Can the threat of separation work as well for Alberta as it has for Quebec?
Jason Kenney, as Jason Kenney really wants you to know, doesn’t want Alberta to separate from Canada. He declared himself a “proud Canadian” a few days after becoming premier of Alberta, an oft-repeated assertion from the 51-year-old lifelong politician. But there are limits: messing with Alberta by hampering its oil industry with needless environmental regulations “will seriously rupture national unity,” Kenney said in May. He has picked fights with Prime Minister Justin Trudeau and Quebec Premier François Legault and ruminated noisily about Alberta’s “frustration and alienation.”
His spiel makes the noted Conservative in Alberta sound an awful lot like a Quebec Liberal of yore. This probably isn’t a coincidence. In invoking separation, and positioning himself as the last bulwark against it, Kenney has glommed onto one of the oldest hustles in the country — one that has served Quebec mightily for decades. His timing is characteristically impeccable; with Quebec’s separatist threat on the wane, the country suddenly lacks a serious existential threat. The question is: can it work for Alberta as it did so well for Quebec?
First, a look at one of the main benefits the separatist threat has brought to Quebec. The province has been a net beneficiary of equalization payments since the system was introduced in 1957. These payments, which come via a pool of money collected by the federal government from taxpayers, continued apace through Quebec’s transformation from largely agrarian economy to its modern-day iteration. The formulas for calculating these always seem to be favourable to Quebec.
Coincidentally or not, the gap between how much Quebecers put in and how much they got out grew steadily larger in the late 1960s, just as the province’s nascent separatist movement began to find its legs. Later, successive provincial Liberal governments leveraged the ensuing threat to the advantage of the province’s purse strings. In 1957, Quebecers put in $39.5 million and received $46 million; about three decades later, after two successive Parti Québécois governments and a bruising referendum, they put in just over a billion dollars and received over $3 billion back. Not a bad return on investment.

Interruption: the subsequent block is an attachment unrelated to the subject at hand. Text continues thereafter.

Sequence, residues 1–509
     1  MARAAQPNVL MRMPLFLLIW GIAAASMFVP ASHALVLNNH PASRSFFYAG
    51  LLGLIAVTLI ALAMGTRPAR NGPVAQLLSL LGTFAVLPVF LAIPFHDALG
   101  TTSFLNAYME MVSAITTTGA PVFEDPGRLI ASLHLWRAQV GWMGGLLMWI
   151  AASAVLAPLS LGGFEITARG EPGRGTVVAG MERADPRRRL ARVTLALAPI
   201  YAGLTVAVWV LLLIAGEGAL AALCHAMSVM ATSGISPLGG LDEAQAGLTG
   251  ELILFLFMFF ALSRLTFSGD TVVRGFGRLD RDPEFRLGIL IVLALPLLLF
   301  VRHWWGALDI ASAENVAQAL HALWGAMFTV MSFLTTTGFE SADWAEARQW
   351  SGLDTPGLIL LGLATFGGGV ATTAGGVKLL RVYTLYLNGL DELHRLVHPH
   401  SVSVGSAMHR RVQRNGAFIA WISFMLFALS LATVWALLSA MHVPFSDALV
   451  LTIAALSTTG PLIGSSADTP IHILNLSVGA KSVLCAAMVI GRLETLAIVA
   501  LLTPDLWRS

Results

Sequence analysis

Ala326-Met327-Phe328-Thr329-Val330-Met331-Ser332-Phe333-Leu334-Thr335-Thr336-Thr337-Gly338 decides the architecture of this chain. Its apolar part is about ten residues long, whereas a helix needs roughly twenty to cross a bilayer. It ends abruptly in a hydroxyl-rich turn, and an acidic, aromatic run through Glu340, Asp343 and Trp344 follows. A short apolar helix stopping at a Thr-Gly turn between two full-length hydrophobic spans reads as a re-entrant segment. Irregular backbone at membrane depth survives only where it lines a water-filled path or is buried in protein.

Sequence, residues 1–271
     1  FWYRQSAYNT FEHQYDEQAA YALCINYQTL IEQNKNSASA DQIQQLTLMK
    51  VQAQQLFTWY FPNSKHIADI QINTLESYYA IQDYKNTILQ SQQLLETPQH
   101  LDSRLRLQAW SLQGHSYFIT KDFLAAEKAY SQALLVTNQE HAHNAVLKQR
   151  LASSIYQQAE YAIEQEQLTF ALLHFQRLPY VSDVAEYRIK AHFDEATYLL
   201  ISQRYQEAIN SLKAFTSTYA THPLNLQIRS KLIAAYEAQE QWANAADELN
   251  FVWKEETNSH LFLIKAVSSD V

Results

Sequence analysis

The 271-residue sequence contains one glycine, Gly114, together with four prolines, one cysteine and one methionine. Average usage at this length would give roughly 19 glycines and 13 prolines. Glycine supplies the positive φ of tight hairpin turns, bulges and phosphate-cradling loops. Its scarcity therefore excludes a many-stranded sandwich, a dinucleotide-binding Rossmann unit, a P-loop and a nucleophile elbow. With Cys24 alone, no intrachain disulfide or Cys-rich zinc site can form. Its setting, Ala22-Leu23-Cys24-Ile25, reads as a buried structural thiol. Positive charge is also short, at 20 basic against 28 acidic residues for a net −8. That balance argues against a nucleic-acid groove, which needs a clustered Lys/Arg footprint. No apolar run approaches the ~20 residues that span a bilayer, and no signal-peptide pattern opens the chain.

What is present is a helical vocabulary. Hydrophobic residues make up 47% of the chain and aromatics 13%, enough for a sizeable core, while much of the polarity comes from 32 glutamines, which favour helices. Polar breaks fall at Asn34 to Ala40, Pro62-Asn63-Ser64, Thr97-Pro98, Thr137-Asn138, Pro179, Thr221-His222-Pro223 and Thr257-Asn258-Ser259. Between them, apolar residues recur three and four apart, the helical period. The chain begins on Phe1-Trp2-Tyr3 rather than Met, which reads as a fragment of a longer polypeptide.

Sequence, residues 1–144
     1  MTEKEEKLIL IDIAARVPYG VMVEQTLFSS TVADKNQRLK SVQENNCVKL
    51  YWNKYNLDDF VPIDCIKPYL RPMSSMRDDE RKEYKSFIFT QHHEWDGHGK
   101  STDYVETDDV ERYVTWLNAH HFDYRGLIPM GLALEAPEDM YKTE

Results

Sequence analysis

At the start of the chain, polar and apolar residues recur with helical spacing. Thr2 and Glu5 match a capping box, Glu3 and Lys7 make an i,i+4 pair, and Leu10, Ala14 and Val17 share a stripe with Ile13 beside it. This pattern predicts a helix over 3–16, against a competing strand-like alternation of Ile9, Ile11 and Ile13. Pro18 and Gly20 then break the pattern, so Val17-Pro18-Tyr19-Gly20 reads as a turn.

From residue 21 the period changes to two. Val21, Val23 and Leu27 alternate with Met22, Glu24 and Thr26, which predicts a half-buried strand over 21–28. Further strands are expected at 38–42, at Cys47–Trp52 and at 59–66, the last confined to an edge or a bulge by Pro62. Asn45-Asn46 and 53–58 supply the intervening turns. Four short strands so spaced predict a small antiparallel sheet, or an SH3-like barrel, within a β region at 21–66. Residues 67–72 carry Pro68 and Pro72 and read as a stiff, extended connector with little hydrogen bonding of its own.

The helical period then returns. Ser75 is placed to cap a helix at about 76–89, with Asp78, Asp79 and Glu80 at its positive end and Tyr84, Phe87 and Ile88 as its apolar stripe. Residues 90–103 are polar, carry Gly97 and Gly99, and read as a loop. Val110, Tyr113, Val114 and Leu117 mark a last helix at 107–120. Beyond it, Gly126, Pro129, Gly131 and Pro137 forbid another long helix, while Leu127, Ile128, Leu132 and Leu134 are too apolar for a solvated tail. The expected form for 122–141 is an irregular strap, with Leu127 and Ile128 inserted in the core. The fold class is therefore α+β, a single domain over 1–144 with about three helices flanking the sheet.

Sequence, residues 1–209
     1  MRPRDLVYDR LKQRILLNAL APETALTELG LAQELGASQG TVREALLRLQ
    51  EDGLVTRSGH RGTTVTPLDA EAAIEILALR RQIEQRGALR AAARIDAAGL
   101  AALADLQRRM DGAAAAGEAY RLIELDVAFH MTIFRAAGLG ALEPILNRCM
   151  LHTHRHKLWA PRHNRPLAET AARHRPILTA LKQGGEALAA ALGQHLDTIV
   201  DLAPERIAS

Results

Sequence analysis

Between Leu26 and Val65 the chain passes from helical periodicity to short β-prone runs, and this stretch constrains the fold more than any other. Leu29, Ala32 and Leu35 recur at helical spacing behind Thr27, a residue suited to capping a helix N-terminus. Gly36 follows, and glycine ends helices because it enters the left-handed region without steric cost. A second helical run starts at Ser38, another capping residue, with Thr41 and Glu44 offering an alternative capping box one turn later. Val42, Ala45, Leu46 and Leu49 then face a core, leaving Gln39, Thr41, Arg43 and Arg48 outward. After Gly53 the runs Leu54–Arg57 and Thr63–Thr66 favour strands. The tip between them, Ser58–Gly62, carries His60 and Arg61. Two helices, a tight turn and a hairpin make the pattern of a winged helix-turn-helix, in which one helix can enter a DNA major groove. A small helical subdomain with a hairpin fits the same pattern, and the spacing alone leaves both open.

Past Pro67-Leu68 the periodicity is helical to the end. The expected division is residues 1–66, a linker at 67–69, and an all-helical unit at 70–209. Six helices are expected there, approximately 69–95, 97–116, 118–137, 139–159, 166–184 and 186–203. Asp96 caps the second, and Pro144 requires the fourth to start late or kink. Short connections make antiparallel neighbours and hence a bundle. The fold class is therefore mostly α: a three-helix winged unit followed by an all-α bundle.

There are a few caveats here. Quebec’s per-capita share of equalization dollars is actually quite modest compared to the Atlantic provinces, that other traditional home to the country’s have-nots. And contrary to populist popular belief, Quebec’s vaunted social programs aren’t paid for on the backs of put-upon Albertans, but by the higher provincial taxes paid by Quebecers themselves.
Regardless, the province’s addiction to these payments is particularly strong. Last year, Legault called them “embarrassing” and promised to wean the province off the equalization teat. Yet the youth wing of Quebec’s governing Coalition Avenir Québec party just voted en masse against this very idea last week. Legault, meanwhile, now says Quebec is entitled to the payments. Hypocritical? Perhaps. But also canny: were he to say otherwise, Legault would probably be the first politician on the planet to say no to about $13 billion — the amount Quebec will have harvested this fiscal year.
Jason Kenney is cribbing from the best. Were there a real threat of Alberta separation, Kenney could wring a number of benefits from the rest of the country, starting with a strategic revisit to the equalization formula. Albertans have been net contributors for decades. Such a threat could also help slacken federal environmental laws, which many in Alberta’s oil patch see as anathema to the further development of the industry. It might even help him get a pipeline from the landlocked province to a coast, already.
But Kenney’s problem is this: as Quebec showed time and again, he needs a proper separatist threat to demonize for his hustle to work. Yet the Alberta separatist movement is eternally disorganized and the parties championing it are almost laughably fringe-y. Until this changes — until he has his own Parti Québécois as a foil — his threats sound entirely empty.